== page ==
D-Day to Berlin
D-Day to Berlin (Written and produced by George Stevens, Jr., 1994) World War II was in full color for participants, though until recently filmed history was mostly black-and-white. After his death, four hours of previously-unviewed Kodachrome reels shot by famed director, and later Academy-Award winner, George Stevens were found by his son. George Stevens Jr., a renowned producer and director himself, has crafted this footage into an award-winning documentary. His narration is accompanied by commentary by members of “Stevens’ Irregulars,” a professional film crew under Lt. Colonel Stevens that General Eisenhower selected to cover D-Day and subsequent European theater events.
Colonel Stevens and his Hollywood colleagues were principally responsible for producing the definitive Army film history of these events. Stevens, at the last minute, also brought along a 16 mm camera and a bag of Kodachrome film. His color record permits us to experience this war from a perspective that is lacking in black-and-white footage.
The documentary opens with official films of D-Day, then it switches to color. The impact, for this viewer, is akin to the abrupt black-and-white-to-color transition in The Wizard of Oz. I feel transported to another world.
What we see is the way the war looked to those who were there. We experience a naval captain reading from Henry V’s band of brothers oration prior to the Utah Beach landing. Then Stevens provides Ernie-Pyle-insights into life as a soldier: the sense of camaraderie, the lousy grub, and unglamorous carnage. Like Pyle, Stevens conveys the ‘smell of death.’
His color film of thousands of German prisoners in Normandy is swiftly followed by the jubilant liberation of Paris: the joy of Parisians, the triumphant parade of the 28th Division, and the hunting down of Nazi SS. These color portrayals are in magnificent contrast to the black-and-white footage that was, until recently, our only film record. Years later, Stevens referred to August 25, 1944 (when he entered Paris with Free French forces) as the “greatest day in his life.”
The euphoria of August (’the war will be over by October’) to the stunning shock of the Battle Bulge is poignantly captured. Color photos of the dead provide vivid faces to the 68,000 U. S. casualties. The devastation is everywhere, as recorded in the plight of fleeing Belgian civilians and the physical and human carnage. The sparseness of Christmas 1944 is recorded in the eyes and the gait of U. S. soldiers.
Stevens records the spring offensive, including candid photos of the 22,000-soldier parachute drop across the Rhine. He then covers the discovery of the world’s largest underground factory, where V-1 rockets and V-2 engines were manufactured, as well as prototype German jet fighters. Soon after comes the largest surrender of German troops in Western Europe: 320,000 men, including 25 generals and field marshals. In color Stevens records the faces of a defeated army. He also captures the flush of Allied victory, as East met West near Torgau. U. S., British, and Russian flags are intermingled, with dancing and effusive celebrations.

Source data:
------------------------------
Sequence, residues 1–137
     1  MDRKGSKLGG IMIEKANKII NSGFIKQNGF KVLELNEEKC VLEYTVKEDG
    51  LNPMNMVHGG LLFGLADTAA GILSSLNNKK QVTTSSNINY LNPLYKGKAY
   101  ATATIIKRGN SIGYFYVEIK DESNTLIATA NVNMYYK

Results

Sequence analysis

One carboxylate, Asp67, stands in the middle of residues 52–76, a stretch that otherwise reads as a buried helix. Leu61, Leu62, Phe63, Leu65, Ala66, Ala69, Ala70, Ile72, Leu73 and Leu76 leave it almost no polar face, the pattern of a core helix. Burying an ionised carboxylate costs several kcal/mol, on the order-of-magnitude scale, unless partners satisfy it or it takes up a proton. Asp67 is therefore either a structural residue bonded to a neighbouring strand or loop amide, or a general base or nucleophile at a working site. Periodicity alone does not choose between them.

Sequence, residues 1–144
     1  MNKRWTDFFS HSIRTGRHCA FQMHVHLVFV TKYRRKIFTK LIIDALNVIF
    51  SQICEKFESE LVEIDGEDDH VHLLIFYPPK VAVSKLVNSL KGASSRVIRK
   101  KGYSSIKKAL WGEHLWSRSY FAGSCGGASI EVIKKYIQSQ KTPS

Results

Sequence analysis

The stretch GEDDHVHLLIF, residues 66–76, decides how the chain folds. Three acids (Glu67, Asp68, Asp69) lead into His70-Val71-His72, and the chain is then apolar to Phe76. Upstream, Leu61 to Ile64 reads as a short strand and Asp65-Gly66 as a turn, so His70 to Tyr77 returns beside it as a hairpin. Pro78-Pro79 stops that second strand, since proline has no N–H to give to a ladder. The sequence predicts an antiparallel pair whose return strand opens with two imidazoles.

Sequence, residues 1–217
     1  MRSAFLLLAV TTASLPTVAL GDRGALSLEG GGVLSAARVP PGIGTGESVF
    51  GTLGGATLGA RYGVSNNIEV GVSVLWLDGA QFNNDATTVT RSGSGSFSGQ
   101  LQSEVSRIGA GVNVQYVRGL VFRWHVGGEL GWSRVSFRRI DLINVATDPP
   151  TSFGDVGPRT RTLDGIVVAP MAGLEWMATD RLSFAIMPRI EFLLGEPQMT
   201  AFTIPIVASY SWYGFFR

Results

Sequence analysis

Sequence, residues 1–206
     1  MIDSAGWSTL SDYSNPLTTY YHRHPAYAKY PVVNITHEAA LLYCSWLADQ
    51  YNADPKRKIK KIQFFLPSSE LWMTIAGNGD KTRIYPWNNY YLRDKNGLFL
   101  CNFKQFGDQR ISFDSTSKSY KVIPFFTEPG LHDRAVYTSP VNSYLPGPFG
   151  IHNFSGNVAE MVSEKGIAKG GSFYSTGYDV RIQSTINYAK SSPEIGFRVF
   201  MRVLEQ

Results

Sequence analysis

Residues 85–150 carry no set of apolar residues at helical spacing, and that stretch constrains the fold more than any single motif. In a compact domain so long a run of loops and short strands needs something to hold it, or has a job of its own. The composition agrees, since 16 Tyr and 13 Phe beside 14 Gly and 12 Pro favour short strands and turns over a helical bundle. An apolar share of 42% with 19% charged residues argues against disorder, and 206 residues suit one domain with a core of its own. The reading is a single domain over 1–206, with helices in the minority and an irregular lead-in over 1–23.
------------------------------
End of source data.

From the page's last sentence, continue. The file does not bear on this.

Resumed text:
Nothing cushions the shock of Stevens’ color footage of the Dachau Holocaust camp. The mounds of bodies, the walking skeletons, and the search for (and, often, killing of) SS guards is recorded with an unforgettable starkness. As one of Stevens’ Irregulars expressed it: “You wanted to hate all Germans.” Stevens records the first Dachau religious ceremony, conducted by a rabbi. On a personal note, Stevens detours into the Dachau post office, returning with the April 29th hand stamp that marked the day of liberation.
In Berlin Stevens captures the expressions of defeated and frightened Berliners, as the Russians consolidate their military occupation. He also scans the shattered architectural remnants of the Third Reich, as well as the 1936 Olympic stadium, where Hitler once hosted the world. Before disbanding, Stevens’ Irregulars frolic at Hitler’s Berchtesgaden hideaway, where Stevens concludes his color filmage.
Whether, like me, you first watched WW II black-and-white newsreels in theaters, or whether you are a person who has garnered a visual impression of World War II from The History Channel , D-Day to Berlin is a ‘must see.’ This 50-minute color gem permits you to witness and feel WW II events as they were experienced by the participants. The commentaries of members of Stevens’ Irregulars heighten the sense of actually being there. One WW II veteran, who received this documentary as a Christmas morning gift, watched it thrice before Christmas dinner.